Acedie is a sin and, as such, Catholics have a responsibility to resist it and, when indulged in, to confess it. It happens to be a sin to which I am particularly prone, but I have discovered that it is the rare priest who knows what it is.
What makes acedie a capital sin is that it is a rejection of God’s goodness. Unfortunately, it also disposes one to reject the cure — regular Mass attendance and confession. The predominant manifestation of acedie is indifference — “What does it matter?” — a generalized indifference to everything, including the world’s welfare, even the welfare of one’s own soul.
That indifference extends to the Church and, in my case at least, it is often brought on by the Church. When I observe the almost derisory spectacle of what passes for worship in my own parish; when I hear the Church’s beautiful liturgy recited with mind-numbing boredom; when I listen to homilies delivered without preparation or forethought; when I look around at our steadily waning congregation and observe how everything — especially the music — seems calculated to drive people away, then I find myself given over to the spiritual torpor called acedie.
The fundamental claim of the Christian faith is that our Creator is a God of love, that the spirit which animates the universe and gives life its meaning, is benign. This, of course, is an unprovable assertion. It is based on faith, made in the face of much contradictory evidence (e.g. the prevalence of suffering). In the depths of acedie, doubt, despair and defeat rule the person’s mind and heart.
Curiously enough a man who has written illuminatingly about acedie was neither a mystic, theologian or priest. In 1962 Robertson Davies (1913-1995), the Canadian novelist and man of letters, made acedie the subject of his convocation address at Queen’s University. Davies called acedie “the deadliest of sins” and he explained why it was wrong to conflate it with sloth.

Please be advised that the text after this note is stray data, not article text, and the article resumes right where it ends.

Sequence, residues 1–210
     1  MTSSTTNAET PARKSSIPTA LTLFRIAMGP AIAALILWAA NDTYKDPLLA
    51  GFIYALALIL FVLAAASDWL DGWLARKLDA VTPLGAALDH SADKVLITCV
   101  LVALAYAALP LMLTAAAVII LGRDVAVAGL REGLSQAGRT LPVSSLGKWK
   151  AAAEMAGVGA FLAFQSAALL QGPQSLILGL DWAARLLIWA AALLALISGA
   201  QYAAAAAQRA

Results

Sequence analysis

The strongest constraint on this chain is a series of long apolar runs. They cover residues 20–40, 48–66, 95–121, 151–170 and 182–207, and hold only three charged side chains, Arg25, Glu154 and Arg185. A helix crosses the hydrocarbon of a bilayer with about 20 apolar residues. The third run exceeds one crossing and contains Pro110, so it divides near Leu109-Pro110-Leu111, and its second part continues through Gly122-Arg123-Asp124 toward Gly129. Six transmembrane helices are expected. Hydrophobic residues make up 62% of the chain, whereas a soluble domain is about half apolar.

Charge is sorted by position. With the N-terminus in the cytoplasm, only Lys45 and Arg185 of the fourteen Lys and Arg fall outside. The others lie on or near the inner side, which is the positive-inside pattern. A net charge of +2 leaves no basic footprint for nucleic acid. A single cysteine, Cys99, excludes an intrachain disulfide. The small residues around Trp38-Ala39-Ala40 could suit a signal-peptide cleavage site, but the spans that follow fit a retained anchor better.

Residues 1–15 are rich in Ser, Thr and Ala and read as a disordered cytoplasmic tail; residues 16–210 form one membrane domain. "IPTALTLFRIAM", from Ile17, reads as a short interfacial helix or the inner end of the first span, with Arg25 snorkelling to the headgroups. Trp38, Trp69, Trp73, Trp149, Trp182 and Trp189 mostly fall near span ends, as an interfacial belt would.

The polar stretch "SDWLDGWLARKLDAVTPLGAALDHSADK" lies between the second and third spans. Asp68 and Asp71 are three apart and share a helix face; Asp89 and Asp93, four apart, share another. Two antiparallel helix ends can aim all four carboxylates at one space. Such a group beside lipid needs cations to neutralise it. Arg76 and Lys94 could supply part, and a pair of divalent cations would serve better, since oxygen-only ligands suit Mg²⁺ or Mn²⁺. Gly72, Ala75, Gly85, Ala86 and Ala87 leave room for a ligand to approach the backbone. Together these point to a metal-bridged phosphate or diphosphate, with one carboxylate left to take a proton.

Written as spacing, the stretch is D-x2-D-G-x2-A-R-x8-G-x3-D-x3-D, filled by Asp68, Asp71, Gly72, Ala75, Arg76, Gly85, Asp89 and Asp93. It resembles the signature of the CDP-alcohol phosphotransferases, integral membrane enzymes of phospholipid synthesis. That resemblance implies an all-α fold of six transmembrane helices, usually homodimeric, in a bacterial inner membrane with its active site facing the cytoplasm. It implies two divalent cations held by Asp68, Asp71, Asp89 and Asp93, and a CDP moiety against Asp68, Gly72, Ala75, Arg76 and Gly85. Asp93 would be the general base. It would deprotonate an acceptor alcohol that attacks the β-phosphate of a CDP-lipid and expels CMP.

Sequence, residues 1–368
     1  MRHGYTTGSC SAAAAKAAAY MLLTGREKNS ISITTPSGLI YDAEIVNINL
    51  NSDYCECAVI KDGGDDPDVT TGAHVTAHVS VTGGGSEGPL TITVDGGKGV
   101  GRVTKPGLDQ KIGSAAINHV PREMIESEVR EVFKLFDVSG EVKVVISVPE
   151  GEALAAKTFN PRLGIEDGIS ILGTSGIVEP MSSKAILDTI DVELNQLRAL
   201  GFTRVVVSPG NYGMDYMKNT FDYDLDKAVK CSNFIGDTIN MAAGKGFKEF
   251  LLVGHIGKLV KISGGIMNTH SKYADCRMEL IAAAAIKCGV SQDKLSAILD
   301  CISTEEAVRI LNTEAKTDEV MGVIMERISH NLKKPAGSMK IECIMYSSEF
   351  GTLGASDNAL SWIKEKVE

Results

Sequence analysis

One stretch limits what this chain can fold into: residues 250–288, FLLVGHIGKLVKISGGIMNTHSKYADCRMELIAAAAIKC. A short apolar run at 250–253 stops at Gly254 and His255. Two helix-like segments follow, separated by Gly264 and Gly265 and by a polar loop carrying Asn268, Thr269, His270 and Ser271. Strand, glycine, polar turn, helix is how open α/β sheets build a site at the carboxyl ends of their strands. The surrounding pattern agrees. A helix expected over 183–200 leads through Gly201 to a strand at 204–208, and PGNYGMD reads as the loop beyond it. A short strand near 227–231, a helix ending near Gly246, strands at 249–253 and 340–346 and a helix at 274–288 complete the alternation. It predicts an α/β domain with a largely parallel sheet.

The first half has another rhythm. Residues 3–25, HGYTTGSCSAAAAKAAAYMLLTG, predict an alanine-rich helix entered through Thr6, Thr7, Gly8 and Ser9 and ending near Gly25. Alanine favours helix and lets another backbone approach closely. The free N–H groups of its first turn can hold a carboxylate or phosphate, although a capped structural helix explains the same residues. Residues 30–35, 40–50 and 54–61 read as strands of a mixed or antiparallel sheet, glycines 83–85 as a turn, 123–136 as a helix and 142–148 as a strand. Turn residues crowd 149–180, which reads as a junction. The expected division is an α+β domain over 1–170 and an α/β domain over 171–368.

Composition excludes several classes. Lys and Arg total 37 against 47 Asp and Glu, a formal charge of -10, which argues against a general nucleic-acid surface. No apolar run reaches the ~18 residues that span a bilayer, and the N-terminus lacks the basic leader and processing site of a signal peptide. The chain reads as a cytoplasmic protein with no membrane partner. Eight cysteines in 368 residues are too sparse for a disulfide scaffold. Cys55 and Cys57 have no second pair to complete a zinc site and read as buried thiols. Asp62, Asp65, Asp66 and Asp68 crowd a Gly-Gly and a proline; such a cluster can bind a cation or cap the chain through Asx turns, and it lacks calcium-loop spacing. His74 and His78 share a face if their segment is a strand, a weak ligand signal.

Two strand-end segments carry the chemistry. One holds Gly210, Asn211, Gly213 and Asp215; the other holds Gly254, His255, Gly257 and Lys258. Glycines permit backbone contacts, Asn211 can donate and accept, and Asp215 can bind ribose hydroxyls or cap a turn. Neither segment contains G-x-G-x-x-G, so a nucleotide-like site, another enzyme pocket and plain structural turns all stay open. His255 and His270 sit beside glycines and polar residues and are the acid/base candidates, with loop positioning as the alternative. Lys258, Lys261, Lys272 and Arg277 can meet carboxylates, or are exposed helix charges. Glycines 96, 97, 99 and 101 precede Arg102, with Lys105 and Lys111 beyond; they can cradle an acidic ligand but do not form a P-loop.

“You can be as busy as a bee. You can fill your days with activity, bustling from meeting to meeting, sitting on committees, running from one party to another in a perfect whirlwind of movement. But if, meanwhile, your feelings and sensibilities are withering, if your relationships with people near to you are becoming more and more superficial, if you are even losing touch with yourself, it is acedie which has claimed you for its own.”
Several of the capital sins (lust, gluttony, etc.) make their primary appeal to the young. Not so acedie.
Davies again: “As one grows older, one learns how to spare oneself many kinds of unnecessary pain, but one is in great danger if one ceases to feel pain of any kind. If you cannot feel pain at some of the harsh circumstances of life, it is very likely that you have ceased to feel joy at some of the satisfactions and delights of life. When that happens, one lives at all times under a mental and spiritual cloud; it is always wet weather in the soul. That is acedie, and it was called a deadly sin because it dimmed and discouraged the spirit, and at last killed it.”
Just so. When overwhelmed by acedie, I find it nearly impossible to worship or to pray. Life seems pointless and I wallow not so much in self-pity as indifference. Nothing seems to matter and I discover that I have lost the capacity (in C. S. Lewis’s descriptive phrase) to be “surprised by joy.”
Davies concluded his convocation address by telling the Queen’s graduates of a medieval proverb: Time Jesum transeuntem et non revertentem (Dread the passing of Jesus, for He does not return.) Davies said: “Thus it is with all great revelations, religious or not. Seize them, embrace them, let them engulf you, draw from them the uttermost of what they have to give, for if you rebuff them, they will not come again. We live in a world where too many people are pitifully afraid of joy.”
The Church’s message is — or should be — a message of joy and hope, the only proven antidote to acedie.
(Hunter is Professor Emeritus in the Faculty of Law at Western University.)